While Kurds prefer to consider Kurdish as one language, the two main Kurdish varieties of northern Iraq - Sorani and Kurmanji - are strikingly different from one another, and are usually considered as separate languages by academics. The smaller Gurani language, (see DOBES), spoken in northwestern Iraq and also commonly labelled Kurdish, doesn't even belong to the same branch of Iranian as Sorani and Kurmanji. Many of its speakers belong to loosely Shia-affiliated minority religions, such as the Ahl-i Haqq and the Shabak, considered by ISIS as beyond the pale.

The other minority group unfortunate enough to have been pitched into the headlines, Yezidis, do not have a language of their own; they speak Kurmanji Kurdish. However, the Yezidis are associated with a unique writing system. In the early 20th century, manuscripts summarising Yezidi beliefs written in a unique alphabet (such as the Meshefa Resh "Black Scripture") came into the possession of Western researchers, and the alphabet in question duly found its way into compendia such as Diringer (1968). Later research, though, suggests that both these manuscripts and the alphabet they were written in were created for Western consumption, likely by a non-Yezidi bookseller, rather than representing a Yezidi tradition (Kreyenbrook and Rashow 2005, EI).

The region's Turkmen, many of whom have also apparently been persecuted by ISIS for their Shiism, speak a Turkic variety close to Turkish and Azeri. From what little information I've seen, it seems unlikely to qualify as a separate language, but does not seem to have attracted much research.

The Arabic dialects of northern Iraq - the so-called qeltu dialects, for their unique pronunciation of the word "I said" - are also quite interesting in their own right; the spoken Arabic dialect of Abbasid Baghdad seems likely to have belonged to this group. However, that is another story for another day...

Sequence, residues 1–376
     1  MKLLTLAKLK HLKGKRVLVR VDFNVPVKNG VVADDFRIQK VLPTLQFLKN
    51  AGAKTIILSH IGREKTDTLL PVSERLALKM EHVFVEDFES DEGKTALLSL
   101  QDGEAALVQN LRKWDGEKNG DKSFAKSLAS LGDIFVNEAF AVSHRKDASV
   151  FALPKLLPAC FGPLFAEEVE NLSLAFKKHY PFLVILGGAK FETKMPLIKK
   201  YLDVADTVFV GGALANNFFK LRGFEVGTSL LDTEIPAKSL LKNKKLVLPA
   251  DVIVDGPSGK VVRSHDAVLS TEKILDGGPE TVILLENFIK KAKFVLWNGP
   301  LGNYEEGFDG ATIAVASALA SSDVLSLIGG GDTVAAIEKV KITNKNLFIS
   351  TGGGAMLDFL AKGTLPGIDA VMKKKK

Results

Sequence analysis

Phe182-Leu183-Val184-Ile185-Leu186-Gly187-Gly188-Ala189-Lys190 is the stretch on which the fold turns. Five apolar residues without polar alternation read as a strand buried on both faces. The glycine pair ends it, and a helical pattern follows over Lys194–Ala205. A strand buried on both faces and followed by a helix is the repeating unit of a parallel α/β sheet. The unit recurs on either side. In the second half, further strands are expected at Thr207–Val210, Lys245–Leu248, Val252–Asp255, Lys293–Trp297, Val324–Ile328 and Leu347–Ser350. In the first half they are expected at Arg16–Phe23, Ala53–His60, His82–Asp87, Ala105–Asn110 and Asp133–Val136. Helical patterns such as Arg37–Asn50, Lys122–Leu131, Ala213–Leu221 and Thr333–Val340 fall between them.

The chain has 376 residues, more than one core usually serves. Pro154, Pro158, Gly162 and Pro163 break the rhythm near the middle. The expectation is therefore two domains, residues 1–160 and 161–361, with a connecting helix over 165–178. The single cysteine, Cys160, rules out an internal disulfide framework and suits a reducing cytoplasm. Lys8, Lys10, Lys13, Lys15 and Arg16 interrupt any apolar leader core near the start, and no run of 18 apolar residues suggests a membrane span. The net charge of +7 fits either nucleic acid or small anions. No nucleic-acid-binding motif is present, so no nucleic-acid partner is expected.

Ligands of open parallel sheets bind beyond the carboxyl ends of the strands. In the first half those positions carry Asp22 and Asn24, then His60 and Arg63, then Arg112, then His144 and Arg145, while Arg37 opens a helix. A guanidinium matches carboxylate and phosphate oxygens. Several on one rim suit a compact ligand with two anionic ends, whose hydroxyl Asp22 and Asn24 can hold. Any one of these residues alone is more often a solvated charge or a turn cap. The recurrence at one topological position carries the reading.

Monday, July 14, 2014

Northern Songhay comparative wordlists

Linguistically, the northern and southern shores of the Sahara have remained surprisingly distinct, and most Saharan groups are easily identifiable as outposts of one or the other. Occasionally, however, a greater degree of language mixture is found. Nowhere is trans-Saharan language mixture more prominent than in Northern Songhay, a group of languages spoken in Niger, Mali, and Algeria combining a Songhay base with an enormous Berber superstratum, including Korandjé, a southwestern Algerian language I've been working on for a few years now.

Following an inquiry I recently received, I've been comparing Korandjé data to the Northern Songhay comparative wordlist in Rueck and Christiansen (1999). In the spirit of open data, you can view the wordlist (with a few remaining gaps to be filled) here: Korandjé 380-word list for Northern Songhay lexical comparison. Draft version, 14 July 2014. The results should be treated as provisional, since the Tasawaq part of this wordlist in particular appears a bit unreliable and since a few gaps remain in the Korandjé and even Tadaksahak lists, but are nevertheless interesting.

Counting cognates makes it very clear that Korandjé is the outlier, as might be expected based on geography: